Has anyone ever told you, “You are a mess!” It’s a Southern thing; it is a term of endearment or affection.
I remember telling Linda early on when we were dating that she was a mess. As a Midwesterner she didn’t let on that she didn’t understand what I was saying at the time – it was only years later that she confessed that she didn’t know what I meant and had been asking her friends, what could he mean? Did it mean I thought she was messy or untidy? I was sad that she hadn’t realized it was an expression of fondness – that I was falling in love.
In today’s lessons we find God saying to us, “You are a mess!” We should take it as both an endearment and as statement of fact. We are a bit of a mess in that we are a tangled mix of motives and emotions – we are complicated, and so are our attachments or entanglements.
All the same, God, the Father, Jesus the Son, and the Holy Spirit are present among our messiness making promises and covenant with these messy characters – God’s people.
By the time we encounter Jacob in our reading from Genesis he has already established himself as a deceiver and manipulator – in more polite circles he is referred to as a trickster. Nonetheless this complicated mess of a patriarch finds himself sleeping with his head upon a stone in one of the “thin places.” “Thin places” is a term used in the mystic tradition of Celtic Christiany to describe those places where heaven and earth are so near to one another as to be entangled – a place where one can sense the presence of God.
As Jacob – this trickster – sleeps, he finds himself in the presence of God in just such a thin place as angels ascend and descend between and heaven and earth. Despite his messiness – or perhaps because he is a mess, God loves him and makes a covenant with Jacob.
This covenant resonates with the same quality as those covenants God made with Jacob’s father and grandfather, “… your offspring shall be like the dust of the earth, …; and all the families of the earth shall be blessed in you and your offspring.”
“All shall be blessed in you?” When it comes to Jacob I don’t get the loveliness as in “Isn’t he a mess?” that God sees. Clearly God has the ability to look beyond what irks me about Jacob the trickster. Perhaps it’s not my place to see.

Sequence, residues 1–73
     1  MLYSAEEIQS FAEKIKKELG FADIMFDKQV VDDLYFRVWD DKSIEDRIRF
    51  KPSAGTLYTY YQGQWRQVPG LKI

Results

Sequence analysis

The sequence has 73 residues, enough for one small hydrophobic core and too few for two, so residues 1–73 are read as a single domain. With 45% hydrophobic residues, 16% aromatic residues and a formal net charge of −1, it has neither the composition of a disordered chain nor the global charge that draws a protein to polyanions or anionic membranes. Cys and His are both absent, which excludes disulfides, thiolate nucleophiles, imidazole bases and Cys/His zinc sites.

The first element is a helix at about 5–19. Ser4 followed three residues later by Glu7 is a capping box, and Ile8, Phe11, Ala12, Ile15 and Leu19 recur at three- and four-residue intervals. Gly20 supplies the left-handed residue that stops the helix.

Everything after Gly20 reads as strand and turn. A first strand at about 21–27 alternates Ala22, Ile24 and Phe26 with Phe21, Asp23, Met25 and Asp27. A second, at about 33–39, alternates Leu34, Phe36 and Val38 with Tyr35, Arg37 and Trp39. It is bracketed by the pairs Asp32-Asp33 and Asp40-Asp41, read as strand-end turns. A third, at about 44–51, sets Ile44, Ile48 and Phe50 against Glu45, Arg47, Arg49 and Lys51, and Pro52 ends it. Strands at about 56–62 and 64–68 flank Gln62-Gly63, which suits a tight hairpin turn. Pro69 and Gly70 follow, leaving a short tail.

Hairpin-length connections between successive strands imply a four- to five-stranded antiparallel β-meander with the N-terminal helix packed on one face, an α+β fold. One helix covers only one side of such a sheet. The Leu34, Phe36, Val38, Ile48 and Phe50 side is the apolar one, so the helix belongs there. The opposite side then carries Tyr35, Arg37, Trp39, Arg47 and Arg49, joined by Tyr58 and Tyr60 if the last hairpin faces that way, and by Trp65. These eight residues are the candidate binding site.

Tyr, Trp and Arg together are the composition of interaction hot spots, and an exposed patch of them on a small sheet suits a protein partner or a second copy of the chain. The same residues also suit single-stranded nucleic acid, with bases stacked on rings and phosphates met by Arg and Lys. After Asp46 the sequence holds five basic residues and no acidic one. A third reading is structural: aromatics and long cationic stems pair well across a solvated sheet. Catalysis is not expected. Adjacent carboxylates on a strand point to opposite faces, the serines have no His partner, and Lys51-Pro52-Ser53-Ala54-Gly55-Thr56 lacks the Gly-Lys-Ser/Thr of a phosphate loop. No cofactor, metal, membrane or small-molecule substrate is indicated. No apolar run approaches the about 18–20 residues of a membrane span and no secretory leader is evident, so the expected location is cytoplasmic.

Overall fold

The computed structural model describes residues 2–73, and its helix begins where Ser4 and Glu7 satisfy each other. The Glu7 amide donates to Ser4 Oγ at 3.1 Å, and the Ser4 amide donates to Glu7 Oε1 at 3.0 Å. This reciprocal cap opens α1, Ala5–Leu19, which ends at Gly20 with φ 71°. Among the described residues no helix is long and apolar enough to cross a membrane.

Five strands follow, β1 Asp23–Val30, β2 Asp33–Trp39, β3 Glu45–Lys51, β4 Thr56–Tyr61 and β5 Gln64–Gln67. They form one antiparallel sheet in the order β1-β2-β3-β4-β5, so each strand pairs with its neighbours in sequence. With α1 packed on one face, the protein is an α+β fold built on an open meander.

Perhaps it is only my place to see God’s love demonstrated for someone I don’t get, and to recognize that place of revelation as a thin place – a holy place – an awesome place – “none other than the House of God, … the gate of heaven.”
Nonetheless, we – as God’s own messes – do from time to time lose sight of God’s love for us and all his creation because we are a complicated tangle of Spirit and humanity. The entanglements that accompany this existence may weary us. And sometimes this weariness finds expression in impatience.
I usually hear two refrains that are in fact opposite sides of the same coin. One goes something like this, “Do you believe we’re in the end times?” In this question you can almost hear the fatigue and anticipation that seems to say, “I can’t take much more. Let me go home now so I can claim my rest.”
The other sounds like, “There is so much wickedness in the world, surely things can’t continue like this.” In these I hear impatience and fatigue with the presence of wickedness and messiness; I hear a desire to tidy up the kingdom now; and I hear, most clearly, a desire to withdraw from entanglement to a tidier or more idyllic order that does not exist this side of the kingdom of the Father.
In today’s Gospel, Jesus speaks directly to the issues of entanglement, impatience, and the desire to withdraw. And it is not necessarily what we all want to hear. The field of the parable is the world in which we live with our roots – and sometimes even our DNA – entangled with those about us that we love and those that we don’t care for. You can guess whom we would see as wheat and weeds.
The slaves to tidiness, orderliness, and withdrawal want to get rid of the weeds now for the sake of the wheat. But Jesus tells us “No!” for in getting rid of the weeds we will destroy the wheat as well. Jesus tells us to leave it to the end times, leave it to those he has charged with the harvest so that none will be lost before their time.
In our humanness, we have a different assessment of what is wheat and what is weed than Jesus and the Father, thus we are to leave judgment to him. Our charge is only to love our neighbor as our self, whether they are wheat or weed.
This week we were blessed to see this played out in wonderful ways through vacation Bible school. Over 60 volunteers from across the community came together for the week to live out the Gospel among of the least of us – 140 children. For many of these children this may be the only exposure to the Gospel they encounter all year.
VBS was a mess! It was loud, it was chaotic at points, it was exhausting, and it was heart-stoppingly lovely. For a week seeds were sown extravagantly and many of them will now grow entangled among the wheat and the weeds. But it is not our place to worry about the weeds. It is our place to lean into the mess with love so weeds can fall in love too and become wheat.
 Genesis 28:14
 Genesis 28:17